There is value in the motto "Ignorance is Bliss". Any question I had of that wisdom was washed away last week when I decided to read the (very) small print that accompanied the refill of a prescription drug I had picked up from the drug store.
Each time I get a prescription, also in the bag are several sheets of paper containing the concerns of the drug companies that have been put in creative composition by their lawyers - a lethal combination at best. A word of warning, if you just trust your doctor, which you should (other wise why do you take the time to visit him or her) why would you second guess his (or her) choice of chemical treatment?
In my case, I trust my doctors implicitly, otherwise I would have been reading these patient information tomes much earlier. My doctors have taken good care of me and personally I have better things to do than subject myself to more pain and confusion. However, on this one day, I ventured into the bag, pulled out the patient information sheet, and started to read it.
The first thing that struck me was the intimidating (almost condescending) language. I felt like a new Junior Leaguer being told how to dress for a luncheon. "Remember your shoes and your purse should always coordinate accenting the colors of your outfit".
My eyes scanned the sheet and landed on, " . . .call your doctor at once if you have: any mood or behavior changes, confusion, anxiety, panic attacks, hallucinations, extreme fear, or if you feel impulsive, agitated, aggressive, restless, hostile, depressed, hyperactive (mentally or physically), or have thoughts about suicide or hurting yourself. The drug may impair your thinking or reactions. You may also have mood or behavior changes."
I was suddenly confused, restless - were they talking about me? My doctor told me this medication was going to make me feel better. Was this all a trick? Maybe the drug companies are controlled by some Middle Eastern cartel or cabal.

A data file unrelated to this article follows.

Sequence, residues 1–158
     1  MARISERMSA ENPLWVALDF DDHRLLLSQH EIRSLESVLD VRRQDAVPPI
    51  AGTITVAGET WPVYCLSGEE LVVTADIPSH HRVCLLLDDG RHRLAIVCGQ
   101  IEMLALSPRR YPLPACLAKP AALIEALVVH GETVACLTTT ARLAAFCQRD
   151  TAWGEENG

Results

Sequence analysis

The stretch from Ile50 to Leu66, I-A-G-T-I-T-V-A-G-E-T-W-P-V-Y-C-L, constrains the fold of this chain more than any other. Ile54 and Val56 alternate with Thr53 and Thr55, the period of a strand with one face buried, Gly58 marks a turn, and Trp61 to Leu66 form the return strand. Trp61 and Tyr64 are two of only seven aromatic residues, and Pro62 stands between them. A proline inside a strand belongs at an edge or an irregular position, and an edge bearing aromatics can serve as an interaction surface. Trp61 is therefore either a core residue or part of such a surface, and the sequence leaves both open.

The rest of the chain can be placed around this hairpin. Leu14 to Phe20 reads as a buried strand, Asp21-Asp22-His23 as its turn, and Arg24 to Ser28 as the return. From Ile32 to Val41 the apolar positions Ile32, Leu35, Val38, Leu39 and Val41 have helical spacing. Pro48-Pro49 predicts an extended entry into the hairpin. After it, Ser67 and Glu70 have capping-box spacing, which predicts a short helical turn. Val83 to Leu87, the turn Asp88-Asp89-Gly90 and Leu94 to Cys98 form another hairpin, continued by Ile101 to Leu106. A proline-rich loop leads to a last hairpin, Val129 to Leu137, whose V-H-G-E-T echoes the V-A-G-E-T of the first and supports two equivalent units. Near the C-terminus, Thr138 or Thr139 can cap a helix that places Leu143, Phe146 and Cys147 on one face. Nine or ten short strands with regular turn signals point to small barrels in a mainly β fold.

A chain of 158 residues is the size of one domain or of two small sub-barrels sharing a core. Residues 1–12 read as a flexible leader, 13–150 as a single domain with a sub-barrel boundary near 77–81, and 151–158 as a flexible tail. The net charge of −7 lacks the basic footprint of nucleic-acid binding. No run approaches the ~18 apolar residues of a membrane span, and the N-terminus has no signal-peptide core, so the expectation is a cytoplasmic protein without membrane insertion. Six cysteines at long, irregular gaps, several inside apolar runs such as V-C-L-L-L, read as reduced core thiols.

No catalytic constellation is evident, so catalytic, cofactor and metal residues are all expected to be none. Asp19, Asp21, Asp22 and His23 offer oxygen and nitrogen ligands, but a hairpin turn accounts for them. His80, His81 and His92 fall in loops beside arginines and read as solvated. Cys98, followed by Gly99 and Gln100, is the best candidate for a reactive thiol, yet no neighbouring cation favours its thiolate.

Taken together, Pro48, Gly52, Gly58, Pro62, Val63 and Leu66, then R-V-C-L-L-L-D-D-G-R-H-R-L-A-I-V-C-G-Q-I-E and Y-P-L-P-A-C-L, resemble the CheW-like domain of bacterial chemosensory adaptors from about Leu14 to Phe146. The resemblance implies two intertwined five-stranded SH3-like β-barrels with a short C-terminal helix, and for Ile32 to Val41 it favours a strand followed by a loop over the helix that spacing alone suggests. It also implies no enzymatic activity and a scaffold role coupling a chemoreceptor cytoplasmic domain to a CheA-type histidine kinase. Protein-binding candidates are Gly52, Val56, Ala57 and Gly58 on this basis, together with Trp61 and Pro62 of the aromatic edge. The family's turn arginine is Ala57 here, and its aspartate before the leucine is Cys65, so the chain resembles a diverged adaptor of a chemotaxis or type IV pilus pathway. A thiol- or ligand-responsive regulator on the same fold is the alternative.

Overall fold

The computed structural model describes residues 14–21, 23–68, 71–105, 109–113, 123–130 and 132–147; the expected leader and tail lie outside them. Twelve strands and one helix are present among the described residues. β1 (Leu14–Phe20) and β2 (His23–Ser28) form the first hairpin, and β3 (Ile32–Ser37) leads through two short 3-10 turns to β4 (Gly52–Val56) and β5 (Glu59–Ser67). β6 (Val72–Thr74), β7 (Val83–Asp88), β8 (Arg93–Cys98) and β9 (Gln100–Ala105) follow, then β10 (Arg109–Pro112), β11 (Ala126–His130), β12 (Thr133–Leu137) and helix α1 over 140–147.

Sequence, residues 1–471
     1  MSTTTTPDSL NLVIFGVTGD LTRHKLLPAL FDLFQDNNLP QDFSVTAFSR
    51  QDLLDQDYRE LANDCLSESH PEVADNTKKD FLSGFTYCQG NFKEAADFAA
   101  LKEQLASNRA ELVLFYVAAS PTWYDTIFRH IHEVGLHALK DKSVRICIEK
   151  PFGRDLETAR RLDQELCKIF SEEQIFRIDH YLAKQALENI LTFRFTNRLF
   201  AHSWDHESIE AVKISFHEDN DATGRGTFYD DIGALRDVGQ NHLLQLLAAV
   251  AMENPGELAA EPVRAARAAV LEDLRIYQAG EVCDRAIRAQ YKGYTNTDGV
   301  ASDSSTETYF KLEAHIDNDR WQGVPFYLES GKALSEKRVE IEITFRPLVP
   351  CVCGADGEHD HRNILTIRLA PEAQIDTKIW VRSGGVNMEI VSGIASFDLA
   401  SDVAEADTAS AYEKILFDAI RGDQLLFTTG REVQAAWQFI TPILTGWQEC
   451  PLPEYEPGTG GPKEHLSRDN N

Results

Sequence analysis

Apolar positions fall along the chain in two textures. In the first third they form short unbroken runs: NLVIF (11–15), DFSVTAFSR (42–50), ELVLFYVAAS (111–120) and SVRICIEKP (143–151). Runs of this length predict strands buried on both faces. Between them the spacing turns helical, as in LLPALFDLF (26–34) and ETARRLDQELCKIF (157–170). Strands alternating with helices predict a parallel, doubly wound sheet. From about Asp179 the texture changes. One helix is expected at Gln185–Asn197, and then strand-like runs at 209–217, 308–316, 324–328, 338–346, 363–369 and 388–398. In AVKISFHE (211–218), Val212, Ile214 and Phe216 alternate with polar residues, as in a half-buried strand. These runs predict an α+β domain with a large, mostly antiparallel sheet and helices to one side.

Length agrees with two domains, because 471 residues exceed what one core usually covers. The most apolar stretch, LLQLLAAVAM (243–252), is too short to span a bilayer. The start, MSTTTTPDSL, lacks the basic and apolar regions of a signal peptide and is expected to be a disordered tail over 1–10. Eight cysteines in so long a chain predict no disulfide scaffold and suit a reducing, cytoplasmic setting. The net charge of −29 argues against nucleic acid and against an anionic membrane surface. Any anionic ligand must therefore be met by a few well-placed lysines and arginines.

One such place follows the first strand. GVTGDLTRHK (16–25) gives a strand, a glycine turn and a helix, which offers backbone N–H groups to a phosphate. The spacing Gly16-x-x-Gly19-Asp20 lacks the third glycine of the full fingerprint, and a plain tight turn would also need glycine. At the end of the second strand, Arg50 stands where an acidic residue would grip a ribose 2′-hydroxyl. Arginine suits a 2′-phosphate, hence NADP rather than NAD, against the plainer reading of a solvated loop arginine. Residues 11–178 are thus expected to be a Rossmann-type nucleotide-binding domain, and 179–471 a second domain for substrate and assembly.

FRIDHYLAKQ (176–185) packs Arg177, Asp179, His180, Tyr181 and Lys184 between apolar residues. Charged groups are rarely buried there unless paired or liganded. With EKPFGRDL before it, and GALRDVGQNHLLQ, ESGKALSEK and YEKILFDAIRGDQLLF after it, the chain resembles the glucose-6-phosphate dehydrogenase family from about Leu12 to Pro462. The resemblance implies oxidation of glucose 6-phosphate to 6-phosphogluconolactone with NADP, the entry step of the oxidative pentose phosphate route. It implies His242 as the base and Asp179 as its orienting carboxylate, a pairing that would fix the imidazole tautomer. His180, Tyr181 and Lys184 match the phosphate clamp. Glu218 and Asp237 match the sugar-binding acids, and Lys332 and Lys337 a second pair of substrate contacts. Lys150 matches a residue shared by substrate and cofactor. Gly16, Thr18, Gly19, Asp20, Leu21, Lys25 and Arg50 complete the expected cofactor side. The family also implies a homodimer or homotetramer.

"If you have shortness of breath, chest pains, a skin rash, or tremors, stop taking the medication immediately and contact your physician."
Perhaps these red whelps need attention, I thought to myself.
Then I continued reading, "be careful if you drive or do anything that requires you to be cautious and alert. You may act unconsciously when using the drug. You may drive a car or operate machinery without being fully awake, which could result in a fatal accident. Instances of sleepwalking, cooking, making phone calls or having sex have been reported. While these latter activities may not be life-threatening, performing activities without being conscious could have disastrous results. You may also have no memory of having performed the actions."
Hum, that could explain some things - like the QVC box containing a Genuine Diamonelle Tiara, set of 8 commemorative Dale Earnhardt Dinner plates, and the Authentic Pleather Pants from the Brittany Spears Collection, that UPS delivered to me last week. I still question my friend's insistence that it was me who called her the other night, confessing the details of that one time her (now) husband and I made out in junior high school. Even if it were, that was seven years before she met him, and why should that get her panties in a wad - but I digress.
I appreciate the drug company's concern and realize there is always the issue of liability. But, isn't this a little over kill for cough syrup? Or, maybe not.
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